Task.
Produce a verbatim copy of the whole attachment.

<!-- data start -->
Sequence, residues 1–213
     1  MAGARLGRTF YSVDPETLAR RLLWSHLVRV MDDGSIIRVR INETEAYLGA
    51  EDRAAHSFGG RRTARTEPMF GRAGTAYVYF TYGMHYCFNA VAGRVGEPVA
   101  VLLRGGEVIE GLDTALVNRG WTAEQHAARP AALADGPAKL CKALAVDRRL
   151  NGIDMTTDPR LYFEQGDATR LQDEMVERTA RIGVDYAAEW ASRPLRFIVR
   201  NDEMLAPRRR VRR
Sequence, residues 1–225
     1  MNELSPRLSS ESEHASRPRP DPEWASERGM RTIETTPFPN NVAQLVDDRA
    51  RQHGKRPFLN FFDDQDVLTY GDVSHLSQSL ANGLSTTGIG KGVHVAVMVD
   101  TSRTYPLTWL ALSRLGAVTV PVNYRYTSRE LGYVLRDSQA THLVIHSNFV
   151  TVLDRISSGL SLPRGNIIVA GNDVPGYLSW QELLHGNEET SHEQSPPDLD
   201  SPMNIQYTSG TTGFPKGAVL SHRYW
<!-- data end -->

Sequence, residues 1–213
     1  MAGARLGRTF YSVDPETLAR RLLWSHLVRV MDDGSIIRVR INETEAYLGA
    51  EDRAAHSFGG RRTARTEPMF GRAGTAYVYF TYGMHYCFNA VAGRVGEPVA
   101  VLLRGGEVIE GLDTALVNRG WTAEQHAARP AALADGPAKL CKALAVDRRL
   151  NGIDMTTDPR LYFEQGDATR LQDEMVERTA RIGVDYAAEW ASRPLRFIVR
   201  NDEMLAPRRR VRR
Sequence, residues 1–225
     1  MNELSPRLSS ESEHASRPRP DPEWASERGM RTIETTPFPN NVAQLVDDRA
    51  RQHGKRPFLN FFDDQDVLTY GDVSHLSQSL ANGLSTTGIG KGVHVAVMVD
   101  TSRTYPLTWL ALSRLGAVTV PVNYRYTSRE LGYVLRDSQA THLVIHSNFV
   151  TVLDRISSGL SLPRGNIIVA GNDVPGYLSW QELLHGNEET SHEQSPPDLD
   201  SPMNIQYTSG TTGFPKGAVL SHRYW